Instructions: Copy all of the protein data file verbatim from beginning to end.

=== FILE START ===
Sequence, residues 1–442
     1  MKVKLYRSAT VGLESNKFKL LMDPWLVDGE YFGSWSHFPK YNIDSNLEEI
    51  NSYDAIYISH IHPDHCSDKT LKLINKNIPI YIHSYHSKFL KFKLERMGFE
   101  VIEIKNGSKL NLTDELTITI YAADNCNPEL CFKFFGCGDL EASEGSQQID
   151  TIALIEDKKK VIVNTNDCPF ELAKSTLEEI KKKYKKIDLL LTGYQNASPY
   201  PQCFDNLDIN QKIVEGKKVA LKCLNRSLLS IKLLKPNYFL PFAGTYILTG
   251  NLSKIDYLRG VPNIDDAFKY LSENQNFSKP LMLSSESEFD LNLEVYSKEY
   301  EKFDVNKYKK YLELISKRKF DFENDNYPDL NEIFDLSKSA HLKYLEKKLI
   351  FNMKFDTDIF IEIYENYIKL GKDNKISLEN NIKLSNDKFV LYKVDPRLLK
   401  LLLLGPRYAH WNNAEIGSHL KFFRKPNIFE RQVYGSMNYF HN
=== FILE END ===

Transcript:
Sequence, residues 1–442
     1  MKVKLYRSAT VGLESNKFKL LMDPWLVDGE YFGSWSHFPK YNIDSNLEEI
    51  NSYDAIYISH IHPDHCSDKT LKLINKNIPI YIHSYHSKFL KFKLERMGFE
   101  VIEIKNGSKL NLTDELTITI YAADNCNPEL CFKFFGCGDL EASEGSQQID
   151  TIALIEDKKK VIVNTNDCPF ELAKSTLEEI KKKYKKIDLL LTGYQNASPY
   201  PQCFDNLDIN QKIVEGKKVA LKCLNRSLLS IKLLKPNYFL PFAGTYILTG
   251  NLSKIDYLRG VPNIDDAFKY LSENQNFSKP LMLSSESEFD LNLEVYSKEY
   301  EKFDVNKYKK YLELISKRKF DFENDNYPDL NEIFDLSKSA HLKYLEKKLI
   351  FNMKFDTDIF IEIYENYIKL GKDNKISLEN NIKLSNDKFV LYKVDPRLLK
   401  LLLLGPRYAH WNNAEIGSHL KFFRKPNIFE RQVYGSMNYF HN